Lesson video

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Hello, and welcome to lesson six of our data science unit.

I'm Ben, and this lesson is all to do with finishing off that analysis work that we started last lesson.

But more importantly, we're going to start drawing some conclusions and making some recommendations, and hopefully making a change in your local area.

So, all you'll need for this lesson is your computer, a web browser, and access to that dataset that you downloaded in lesson five.

And then other than that, if you can clear away any distractions that you might have, maybe turn off your mobile phone, and hopefully, you've got a nice quiet place to work.

So once you're ready, let's get started.

Okay, so in this lesson, you're going to continue with the analysis section.

Because last lesson, you analysed one of the questions that you posed, so this lesson is all about analysing the second question.

So you're going to use the CODAP platform to do that.

You're going to use that to visualise your data.

And then hopefully, once you've done that visualisation, you'll be able to spot patterns, identify trends, and some outliers maybe, okay? And then once we've done that, we'll have analysed both of our questions.

So we should be in a position to start drawing our conclusions, and maybe making some recommendations.

Now, let's have a look at something of a related context, which is litter in schools.

So I'm going to show you a visualisation to do with litter in schools, and I want you to just answer a few questions for me.

So here's the visualisation, okay? Now, first of all, I'd like to pause the video and just think about these two questions.

So, what do you notice about the data in this visualisation? And more importantly, what does it make you wonder, okay? So pause the video and then unpause when you've got some answers to that.

Okay, now hopefully, once you've looked at this and identified that it is the recyclable waste and where it is found within a school, hopefully it's made you wonder something, okay? It's maybe made you think of some extra questions that you might have, okay? So let's narrow down the questions slightly.

What I'd like to decide is, can you draw any conclusions from this visualisation? Does it warrant any further investigation? And what other information would be useful here, okay? So I'd like to pause the video again, see if you can get answers to those questions, and then we'll move on.

Okay, so can we draw any conclusions from this visualisation? Well, possibly.

I mean, we're hopefully looking at this thinking "Well, isn't it interesting how the PE corridor "does not have any non-recyclable waste, "it's all recyclable waste?" So that's made me wonder what that waste is.

We could possibly say that there's a lot of litter in the dining hall, so we might want to investigate how many bins are in the in the dining hall? Can we do anything about that? Maybe it's some people's habits that we need to look at changing.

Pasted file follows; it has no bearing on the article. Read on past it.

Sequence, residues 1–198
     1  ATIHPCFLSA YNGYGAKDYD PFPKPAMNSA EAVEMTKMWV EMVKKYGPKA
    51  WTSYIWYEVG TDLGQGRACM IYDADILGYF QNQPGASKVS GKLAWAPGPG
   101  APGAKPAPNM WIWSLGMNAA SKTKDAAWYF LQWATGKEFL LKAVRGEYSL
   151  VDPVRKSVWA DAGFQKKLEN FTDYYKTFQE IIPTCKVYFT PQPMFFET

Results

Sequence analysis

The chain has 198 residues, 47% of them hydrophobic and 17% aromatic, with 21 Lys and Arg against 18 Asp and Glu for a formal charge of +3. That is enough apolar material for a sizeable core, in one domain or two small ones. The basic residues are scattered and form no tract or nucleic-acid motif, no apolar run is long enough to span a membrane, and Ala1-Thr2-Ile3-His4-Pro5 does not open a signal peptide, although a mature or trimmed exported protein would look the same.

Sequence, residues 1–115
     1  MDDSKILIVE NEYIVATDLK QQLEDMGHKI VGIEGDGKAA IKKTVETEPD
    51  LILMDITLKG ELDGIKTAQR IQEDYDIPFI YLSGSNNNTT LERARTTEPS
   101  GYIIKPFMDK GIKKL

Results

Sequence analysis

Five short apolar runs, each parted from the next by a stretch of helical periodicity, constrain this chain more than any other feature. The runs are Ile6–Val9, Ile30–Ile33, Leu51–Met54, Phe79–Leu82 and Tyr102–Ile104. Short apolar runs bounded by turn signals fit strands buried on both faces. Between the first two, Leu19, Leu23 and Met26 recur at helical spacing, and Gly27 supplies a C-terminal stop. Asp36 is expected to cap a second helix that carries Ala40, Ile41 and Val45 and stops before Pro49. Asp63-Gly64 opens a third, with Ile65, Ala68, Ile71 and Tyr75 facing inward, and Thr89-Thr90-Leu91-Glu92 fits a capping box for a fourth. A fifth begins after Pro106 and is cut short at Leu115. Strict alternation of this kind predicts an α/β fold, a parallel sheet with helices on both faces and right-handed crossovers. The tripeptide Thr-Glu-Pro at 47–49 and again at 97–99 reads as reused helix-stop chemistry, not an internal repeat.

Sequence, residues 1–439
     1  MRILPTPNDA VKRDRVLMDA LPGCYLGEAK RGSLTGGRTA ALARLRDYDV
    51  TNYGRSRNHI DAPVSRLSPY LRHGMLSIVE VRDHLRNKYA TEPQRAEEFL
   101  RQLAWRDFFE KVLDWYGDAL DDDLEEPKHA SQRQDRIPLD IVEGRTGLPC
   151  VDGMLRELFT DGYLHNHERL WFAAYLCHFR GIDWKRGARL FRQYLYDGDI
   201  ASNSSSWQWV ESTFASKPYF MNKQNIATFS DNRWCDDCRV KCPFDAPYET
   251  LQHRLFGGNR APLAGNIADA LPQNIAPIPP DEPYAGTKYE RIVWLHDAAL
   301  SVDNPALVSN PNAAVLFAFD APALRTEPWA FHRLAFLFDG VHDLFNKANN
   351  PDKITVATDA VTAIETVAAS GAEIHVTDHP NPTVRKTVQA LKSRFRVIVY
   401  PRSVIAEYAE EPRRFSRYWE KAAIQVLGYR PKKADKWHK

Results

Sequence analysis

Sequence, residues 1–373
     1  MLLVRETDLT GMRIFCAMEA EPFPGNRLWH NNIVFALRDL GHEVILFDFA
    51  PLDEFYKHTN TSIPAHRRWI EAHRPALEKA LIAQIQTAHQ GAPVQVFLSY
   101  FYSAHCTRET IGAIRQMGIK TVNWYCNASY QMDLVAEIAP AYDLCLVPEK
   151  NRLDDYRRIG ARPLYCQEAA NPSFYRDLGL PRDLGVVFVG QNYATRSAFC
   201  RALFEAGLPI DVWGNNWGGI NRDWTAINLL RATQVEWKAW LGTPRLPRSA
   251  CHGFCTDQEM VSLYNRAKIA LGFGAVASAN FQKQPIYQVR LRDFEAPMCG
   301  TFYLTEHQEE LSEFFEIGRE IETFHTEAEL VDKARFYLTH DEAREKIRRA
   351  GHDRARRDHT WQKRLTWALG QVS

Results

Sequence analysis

But one thing I've also noticed is the IT corridor has a lot of non-recyclable waste in there, as does the languages corridor.

So, does this warrant any further investigation? Well, yeah, I think so.

I mean, I'd like to know why is there so much litter in the, particularly the dining hall? Why is there so much litter in the IT corridor, okay? Now, was there any other information that you think might be useful? Well, for me personally, I want to know where the bins are, I need to know whether or not there are bins near these places.

Are there any bins in the dining hall? There's a lot of litter there, so maybe there's not.

And the IT corridor as well, is there any bins nearby there, okay? So, I'm going to show you a very similar visualisation, but there's something slightly different about it.

Okay, so from this visualisation, what data has been added to this visualisation? Now, now that we've added this extra data to the visualisation, what insights can we draw from this visualisation? And also, could you make a new recommendation to school management as a result of this extra data that you're looking at? Okay, so the final time, can you pause this video and see if you can come up with some answers to these questions.

Okay, so hopefully you've seen that the data that's been added means the same visualisation, but with a bit more extra information, which is the distance from the nearest bin.

Now you notice that's got a key underneath, and now the colours have gone to this green, but different shades of green.

So the darker the green, the further away that corridor is, or the litter was found to have been, but the lighter it is, it means that there's a bin nearby.

So actually, now I can see from this visualisation that if we look at the IT corridor in particular, none of the waste was found anywhere near a bin.

So what should that tell us? Maybe that we need a bin on the IT corridor.

So that could be some kind of recommendation that we can make to the school management.

I think it's really interesting that the PE corridor has no recyclable waste, but is actually still reasonably far from a bin.

So maybe I would like to investigate, well, what actually exactly is that waste? Maybe.

Well, for a start, we should put a bin there, maybe just a recycling bin, but It'd be interesting to investigate this further and find out exactly what type of litter is that.

For example, is it all plastic bottles? And if it was all plastic bottles, maybe we could put a plastic bottle bin there.

I think the dining hall's a really interesting one there, because clearly a lot of the litter dropped in the dining hall is actually quite near a bin.